Looking to support the transformation of main street, Chris led a project to develop a wifi toolkit for Business Improvement Areas aimed at helping them understand and streamline the implementation of wireless networks in their neighbourhoods.
Building on the Deputy-Mayor's Roundtable on Small Business held in 2014, Chris managed the Small Business Council Advisory Body in 2015 and worked with the group to develop a discussion paper on the tax issues facing small businesses in Toronto.
With a strong focus on main street businesses, the Small Business Taxation Discussion Paper identifies the three main tax issues facing small businesses in Toronto; while also profiling local small business owners and how these issues impact their operations.
The purpose of the discussion paper was to humanize the financial challenges that businesses on Toronto's main street feel.
To view the discussion paper visit here.
Overseeing the City of Toronto's Small Business Centres, Chris led the development of a client relationship management system using Salesforce to better manage and track the 28,000 clients the City's three centres serve each year.
From developing the user requirements, selecting the technology, overseeing developers and completing some development himself, Chris led all aspects of modifying Salesforce for the use of 12 staff in the City's Small Business Centres.
Leading the deployment of the platform, Chris provided training to his staff and monitored results from the platform. One year after deployment, the savings in staff time were identified to be over $150,000 - while increasing the ability of staff to better engage, track and support entrepreneurs accessing City resources.
Working with Coca-Cola and the Toronto and Region Conservation Authority (TRCA) teams, Chris developed a proposal to assist Coca-Cola in reaching its water neutrality goal by creating a nine-hectare coastal wetland at Tommy Thompson Park on the Leslie Street Spit.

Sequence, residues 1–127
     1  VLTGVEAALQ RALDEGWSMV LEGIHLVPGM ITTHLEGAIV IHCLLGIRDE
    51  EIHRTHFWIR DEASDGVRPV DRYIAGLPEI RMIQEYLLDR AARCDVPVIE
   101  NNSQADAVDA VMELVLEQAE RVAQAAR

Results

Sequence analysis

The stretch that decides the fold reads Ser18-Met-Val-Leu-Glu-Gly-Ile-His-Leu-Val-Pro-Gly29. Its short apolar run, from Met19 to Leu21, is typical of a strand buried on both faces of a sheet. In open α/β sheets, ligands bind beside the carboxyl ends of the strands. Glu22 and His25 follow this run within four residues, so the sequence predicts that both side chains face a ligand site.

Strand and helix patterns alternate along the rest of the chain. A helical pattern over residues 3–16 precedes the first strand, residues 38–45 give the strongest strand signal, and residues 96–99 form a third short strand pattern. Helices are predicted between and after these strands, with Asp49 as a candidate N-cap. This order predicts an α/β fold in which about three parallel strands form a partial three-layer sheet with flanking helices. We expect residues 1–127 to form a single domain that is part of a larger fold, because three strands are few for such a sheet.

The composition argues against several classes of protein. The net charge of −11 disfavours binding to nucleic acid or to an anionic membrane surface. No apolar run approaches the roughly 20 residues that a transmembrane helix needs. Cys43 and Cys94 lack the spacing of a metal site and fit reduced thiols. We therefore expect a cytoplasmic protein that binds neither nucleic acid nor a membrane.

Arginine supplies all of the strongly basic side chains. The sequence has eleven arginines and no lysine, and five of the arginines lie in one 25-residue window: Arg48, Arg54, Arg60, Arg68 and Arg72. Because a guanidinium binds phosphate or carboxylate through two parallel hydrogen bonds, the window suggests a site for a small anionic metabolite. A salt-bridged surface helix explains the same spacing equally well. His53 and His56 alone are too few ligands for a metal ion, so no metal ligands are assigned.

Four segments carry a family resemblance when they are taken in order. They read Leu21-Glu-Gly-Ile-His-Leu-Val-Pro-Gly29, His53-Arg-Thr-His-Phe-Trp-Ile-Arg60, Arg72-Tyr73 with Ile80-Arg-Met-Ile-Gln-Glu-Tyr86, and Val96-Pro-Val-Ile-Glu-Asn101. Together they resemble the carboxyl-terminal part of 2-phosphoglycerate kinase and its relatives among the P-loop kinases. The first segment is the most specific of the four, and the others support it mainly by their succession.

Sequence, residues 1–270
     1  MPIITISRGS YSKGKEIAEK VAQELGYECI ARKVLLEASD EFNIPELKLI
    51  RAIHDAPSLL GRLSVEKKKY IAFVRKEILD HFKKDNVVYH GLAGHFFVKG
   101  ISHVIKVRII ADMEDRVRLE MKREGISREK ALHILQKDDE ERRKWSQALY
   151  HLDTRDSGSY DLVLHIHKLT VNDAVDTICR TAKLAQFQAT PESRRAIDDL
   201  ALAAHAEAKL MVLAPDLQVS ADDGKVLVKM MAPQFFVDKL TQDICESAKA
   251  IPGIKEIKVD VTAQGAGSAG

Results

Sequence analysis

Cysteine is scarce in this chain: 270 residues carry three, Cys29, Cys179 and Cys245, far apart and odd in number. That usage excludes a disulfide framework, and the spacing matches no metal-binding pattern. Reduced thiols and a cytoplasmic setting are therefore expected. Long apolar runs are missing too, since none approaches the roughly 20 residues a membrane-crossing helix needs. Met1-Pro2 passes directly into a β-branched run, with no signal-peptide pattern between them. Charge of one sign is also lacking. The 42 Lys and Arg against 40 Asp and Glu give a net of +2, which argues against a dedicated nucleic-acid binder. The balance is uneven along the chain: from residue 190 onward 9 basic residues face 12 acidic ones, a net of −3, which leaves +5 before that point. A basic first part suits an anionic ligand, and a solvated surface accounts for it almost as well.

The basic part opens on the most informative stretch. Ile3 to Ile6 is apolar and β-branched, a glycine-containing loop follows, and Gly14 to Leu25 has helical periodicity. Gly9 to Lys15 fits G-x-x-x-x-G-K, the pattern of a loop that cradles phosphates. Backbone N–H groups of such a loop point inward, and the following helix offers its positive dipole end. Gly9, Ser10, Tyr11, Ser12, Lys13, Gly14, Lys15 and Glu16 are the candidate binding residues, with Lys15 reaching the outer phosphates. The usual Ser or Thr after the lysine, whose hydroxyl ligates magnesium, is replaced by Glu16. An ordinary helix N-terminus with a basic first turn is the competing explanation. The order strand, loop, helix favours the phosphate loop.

Chris' role in the project was to engage Coca-Cola and work with TRCA's technical staff to apply Coca-Cola's water neutrality methodology to restoration projects within the Greater Toronto Area. With projects identified and potential water savings calculated, Chris pitched potential projects to the Coca-Cola team.
Ultimately, Coca-Cola decided to invest $500,000 in the restoration of the Tommy Thompson Park coastal wetland.
Working with a range of public sector research and education assets, including school boards, libraries, post-secondary institutions, hospitals and local business incubators, Chris project managed the exploration of developing a York Region Research and Education Network. The purpose the initiative was to provide dedicated high-speed connectivity between York Region's education and research assets in order to foster research, collaboration and innovations in service delivery.
The project envisioned connecting all of the participating organizations via the Ontario Research and Innovation Optical Network so that they could take advantage of not only high-speed connectivity, but also a range of cloud-based services, internet peering and reduced costs for internet connectivity.
The Regional Municipality of York and its municipal partners have an ambitious plan to develop four new downtowns along the corridors of Highway 7 and Yonge Street. Referred to as the Region's Centres and Corridors, these areas identified as high-density multi-use communities and the location for the Region's growth in office type employment.
In order to better understand the market opportunity for commercial office development in the Region's various locations within the Centres and Corridors, as well as identify challenges to attracting commercial office development, Chris project managed an initiative to complete an economic analysis of the Region's commercial office market.
This study looked at understanding the costs and benefits of developing in the Region's Centres and Corridors and then comparing these against similar commercial office nodes in the Greater Toronto Area. With this comparison complete, the study then provided a range of policy and program recommendations for facilitating commercial office development in York Region.